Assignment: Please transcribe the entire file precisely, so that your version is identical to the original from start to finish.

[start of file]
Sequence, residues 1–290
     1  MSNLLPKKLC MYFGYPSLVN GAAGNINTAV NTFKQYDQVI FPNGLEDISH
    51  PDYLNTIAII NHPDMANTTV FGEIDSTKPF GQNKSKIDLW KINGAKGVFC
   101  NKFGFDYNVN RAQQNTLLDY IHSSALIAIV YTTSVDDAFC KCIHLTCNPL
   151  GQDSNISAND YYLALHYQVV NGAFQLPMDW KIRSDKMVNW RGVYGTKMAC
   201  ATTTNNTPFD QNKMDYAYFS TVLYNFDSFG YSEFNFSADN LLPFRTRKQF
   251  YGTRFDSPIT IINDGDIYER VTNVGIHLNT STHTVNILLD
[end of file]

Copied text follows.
Sequence, residues 1–290
     1  MSNLLPKKLC MYFGYPSLVN GAAGNINTAV NTFKQYDQVI FPNGLEDISH
    51  PDYLNTIAII NHPDMANTTV FGEIDSTKPF GQNKSKIDLW KINGAKGVFC
   101  NKFGFDYNVN RAQQNTLLDY IHSSALIAIV YTTSVDDAFC KCIHLTCNPL
   151  GQDSNISAND YYLALHYQVV NGAFQLPMDW KIRSDKMVNW RGVYGTKMAC
   201  ATTTNNTPFD QNKMDYAYFS TVLYNFDSFG YSEFNFSADN LLPFRTRKQF
   251  YGTRFDSPIT IINDGDIYER VTNVGIHLNT STHTVNILLD